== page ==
1. Screams of Silence
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    Screams of Silence Member

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    Punctuation in dialogue

    Discussion in 'Word Mechanics' started by Screams of Silence, Feb 23, 2013.

    When you have a scene in which two characters are having a prolonged conversation, how is the best way to punctuate it? I'm having trouble in figuring out where the periods and stuff go, especially after quotation marks. For example, is this correct:

    "Lovely day," said Joe.
    "Indeed it is," said Lucy.
    "How are the kids?"
    "Just fine, how's Samantha?"
    "She's doing well,".
    "That's good. Well, I better be going now,".
    "Okay, take care,".

    Or, is this more or less correct without the periods after the last few sentences:

    "Lovely day," said Joe.
    "Indeed it is," said Lucy.
    "How are the kids?"
    "Just fine, how's Samantha?"
    "She's doing well,"
    "That's good. Well, I better be going now,"
    "Okay, take care,"


    I tend to avoid dialogue whenever possible because I really struggle with punctuation involving quotations. I mean, I understand the basic comma inside the quotation and the period outside, like: "I went down to the supermarket today,".

    Like I know that is correct. But in run-on dialogue like the above example, I'm very sketchy on correct punctuation. Any help would be greatly appreciated.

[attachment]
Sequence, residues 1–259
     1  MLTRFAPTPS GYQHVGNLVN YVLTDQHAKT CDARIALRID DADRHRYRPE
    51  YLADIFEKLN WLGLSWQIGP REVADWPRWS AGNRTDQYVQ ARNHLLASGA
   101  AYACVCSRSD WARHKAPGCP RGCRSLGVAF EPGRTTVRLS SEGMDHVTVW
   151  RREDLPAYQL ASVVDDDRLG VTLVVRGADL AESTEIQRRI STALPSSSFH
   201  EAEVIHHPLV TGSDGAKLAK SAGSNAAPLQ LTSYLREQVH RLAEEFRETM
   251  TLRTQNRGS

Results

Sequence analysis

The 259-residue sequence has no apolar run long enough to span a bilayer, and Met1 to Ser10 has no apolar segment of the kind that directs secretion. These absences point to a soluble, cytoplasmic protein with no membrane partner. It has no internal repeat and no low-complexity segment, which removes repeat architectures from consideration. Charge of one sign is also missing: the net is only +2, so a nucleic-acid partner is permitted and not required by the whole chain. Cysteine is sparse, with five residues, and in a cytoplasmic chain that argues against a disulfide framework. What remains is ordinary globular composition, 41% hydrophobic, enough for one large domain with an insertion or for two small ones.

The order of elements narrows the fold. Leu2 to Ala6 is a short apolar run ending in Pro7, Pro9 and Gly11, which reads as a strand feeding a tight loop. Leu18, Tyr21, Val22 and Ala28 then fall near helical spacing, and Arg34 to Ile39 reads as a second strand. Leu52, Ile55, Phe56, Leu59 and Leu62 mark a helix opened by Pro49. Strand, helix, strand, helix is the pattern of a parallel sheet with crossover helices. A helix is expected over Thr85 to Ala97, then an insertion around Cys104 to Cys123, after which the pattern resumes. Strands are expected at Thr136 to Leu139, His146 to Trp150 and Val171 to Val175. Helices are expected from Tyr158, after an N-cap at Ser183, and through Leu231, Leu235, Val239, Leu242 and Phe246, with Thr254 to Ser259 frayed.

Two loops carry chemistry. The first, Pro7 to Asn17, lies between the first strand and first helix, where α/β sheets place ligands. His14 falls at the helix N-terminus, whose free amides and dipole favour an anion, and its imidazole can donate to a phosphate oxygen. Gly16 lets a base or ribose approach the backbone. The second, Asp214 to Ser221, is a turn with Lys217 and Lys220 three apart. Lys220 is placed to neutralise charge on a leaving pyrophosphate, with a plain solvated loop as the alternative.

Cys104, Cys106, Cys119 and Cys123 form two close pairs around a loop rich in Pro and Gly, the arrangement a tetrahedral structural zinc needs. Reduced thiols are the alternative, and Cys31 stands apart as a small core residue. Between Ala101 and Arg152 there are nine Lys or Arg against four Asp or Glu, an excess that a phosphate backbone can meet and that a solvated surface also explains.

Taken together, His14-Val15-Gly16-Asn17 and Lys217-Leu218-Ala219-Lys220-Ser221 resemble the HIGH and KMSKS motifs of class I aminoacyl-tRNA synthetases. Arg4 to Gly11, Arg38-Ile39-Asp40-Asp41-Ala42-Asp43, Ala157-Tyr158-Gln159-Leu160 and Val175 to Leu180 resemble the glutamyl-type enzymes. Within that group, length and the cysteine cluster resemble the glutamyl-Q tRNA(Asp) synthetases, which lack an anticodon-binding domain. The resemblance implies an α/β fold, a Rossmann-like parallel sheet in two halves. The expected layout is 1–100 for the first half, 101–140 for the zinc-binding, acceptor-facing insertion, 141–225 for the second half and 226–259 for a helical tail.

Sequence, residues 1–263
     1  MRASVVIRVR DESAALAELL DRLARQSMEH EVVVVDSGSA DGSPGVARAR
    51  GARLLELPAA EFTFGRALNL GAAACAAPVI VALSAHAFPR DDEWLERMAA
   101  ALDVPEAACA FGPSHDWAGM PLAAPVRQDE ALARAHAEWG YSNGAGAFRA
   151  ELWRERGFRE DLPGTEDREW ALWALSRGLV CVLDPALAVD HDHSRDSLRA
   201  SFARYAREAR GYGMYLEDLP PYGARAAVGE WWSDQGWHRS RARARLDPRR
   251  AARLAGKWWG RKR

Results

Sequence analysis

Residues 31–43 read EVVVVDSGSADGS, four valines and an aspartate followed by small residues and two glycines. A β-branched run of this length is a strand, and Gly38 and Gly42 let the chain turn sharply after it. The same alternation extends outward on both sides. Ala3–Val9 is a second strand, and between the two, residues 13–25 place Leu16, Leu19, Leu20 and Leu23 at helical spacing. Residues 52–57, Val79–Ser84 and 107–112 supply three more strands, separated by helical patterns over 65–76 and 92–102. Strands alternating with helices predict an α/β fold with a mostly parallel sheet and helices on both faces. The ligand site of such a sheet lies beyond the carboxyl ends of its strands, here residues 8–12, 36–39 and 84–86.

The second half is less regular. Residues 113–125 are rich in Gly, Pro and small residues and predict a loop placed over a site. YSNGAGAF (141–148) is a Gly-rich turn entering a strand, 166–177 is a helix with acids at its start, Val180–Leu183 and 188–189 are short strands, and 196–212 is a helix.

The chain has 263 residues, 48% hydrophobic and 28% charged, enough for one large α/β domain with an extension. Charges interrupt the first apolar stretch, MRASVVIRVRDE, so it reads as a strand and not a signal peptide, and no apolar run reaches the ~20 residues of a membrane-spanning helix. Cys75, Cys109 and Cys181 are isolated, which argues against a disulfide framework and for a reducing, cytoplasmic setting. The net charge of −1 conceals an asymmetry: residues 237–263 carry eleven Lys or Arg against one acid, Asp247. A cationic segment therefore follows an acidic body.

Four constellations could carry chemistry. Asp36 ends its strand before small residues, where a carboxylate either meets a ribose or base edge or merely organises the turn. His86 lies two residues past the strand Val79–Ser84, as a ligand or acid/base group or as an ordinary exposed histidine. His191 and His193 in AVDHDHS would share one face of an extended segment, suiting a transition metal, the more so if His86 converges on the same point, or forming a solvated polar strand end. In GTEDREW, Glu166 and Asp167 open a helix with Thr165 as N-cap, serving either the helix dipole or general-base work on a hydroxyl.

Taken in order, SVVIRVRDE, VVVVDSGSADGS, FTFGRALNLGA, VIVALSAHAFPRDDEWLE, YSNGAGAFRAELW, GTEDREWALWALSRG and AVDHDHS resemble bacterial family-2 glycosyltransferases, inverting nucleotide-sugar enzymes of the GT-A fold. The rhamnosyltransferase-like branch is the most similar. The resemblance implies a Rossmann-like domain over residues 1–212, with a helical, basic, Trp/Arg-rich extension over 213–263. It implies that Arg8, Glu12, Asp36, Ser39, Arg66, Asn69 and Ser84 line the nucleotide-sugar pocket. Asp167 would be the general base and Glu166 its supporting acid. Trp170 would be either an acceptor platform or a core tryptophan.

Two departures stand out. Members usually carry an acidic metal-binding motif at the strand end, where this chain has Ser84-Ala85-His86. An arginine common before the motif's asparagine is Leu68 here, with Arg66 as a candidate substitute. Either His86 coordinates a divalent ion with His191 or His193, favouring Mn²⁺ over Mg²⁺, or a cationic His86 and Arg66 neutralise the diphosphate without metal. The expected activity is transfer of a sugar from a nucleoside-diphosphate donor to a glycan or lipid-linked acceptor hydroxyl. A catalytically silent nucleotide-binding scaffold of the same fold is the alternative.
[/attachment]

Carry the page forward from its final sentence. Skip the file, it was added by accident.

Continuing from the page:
2. ChickenFreak
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    ChickenFreak Contributing Member Contributor

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    The commas in the last three sentences are incorrect - you only need commas when they're followed by a dialogue tag. So the corrected conversation would be:

    "Lovely day," said Joe.
    "Indeed it is," said Lucy.
    "How are the kids?"
    "Just fine, how's Samantha?"
    "She's doing well."
    "That's good. Well, I better be going now."
    "Okay, take care."
     
  3. mammamaia
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    mammamaia nit-picker-in-chief Contributor

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    yup, that!
     
  4. JJ_Maxx
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    JJ_Maxx Banned

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    Gah, must be a european thing, always using 'said Joe.' instead of 'Joe said.' Always makes my American brain go, 'Huh?'

    I'll just stay nuetral, like Switzerland. [​IMG]

    ~ J. J.
     
  5. Cogito
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    Cogito Former Mod, Retired Supporter Contributor

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  6. Screams of Silence
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    Screams of Silence Member

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    Ahh, ok. That looks correct to my eyes. I knew I was doing something wrong, I just couldn't quite place what it was. Thanks! :)
     
  7. jwideman
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    jwideman Senior Member

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    You could buy a style guide like I have (I use "The Creative Writer's Style Guide"), or just read Cogito's very helpful article.
     
  8. mammamaia
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    mammamaia nit-picker-in-chief Contributor

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    every serious writer should have a good punctuation guide handy... along with a good dictionary and s&w...

    here's a sticky where i've listed what i consider the best online resources for the technical aspects of the writer's art:

    http://www.writingforums.org/showthread.php?t=21049

    you can email me for my 'tools of the trade' list that contains their 'real book' counterparts...

    maia3maia@hotmail.com
     
  9. jannert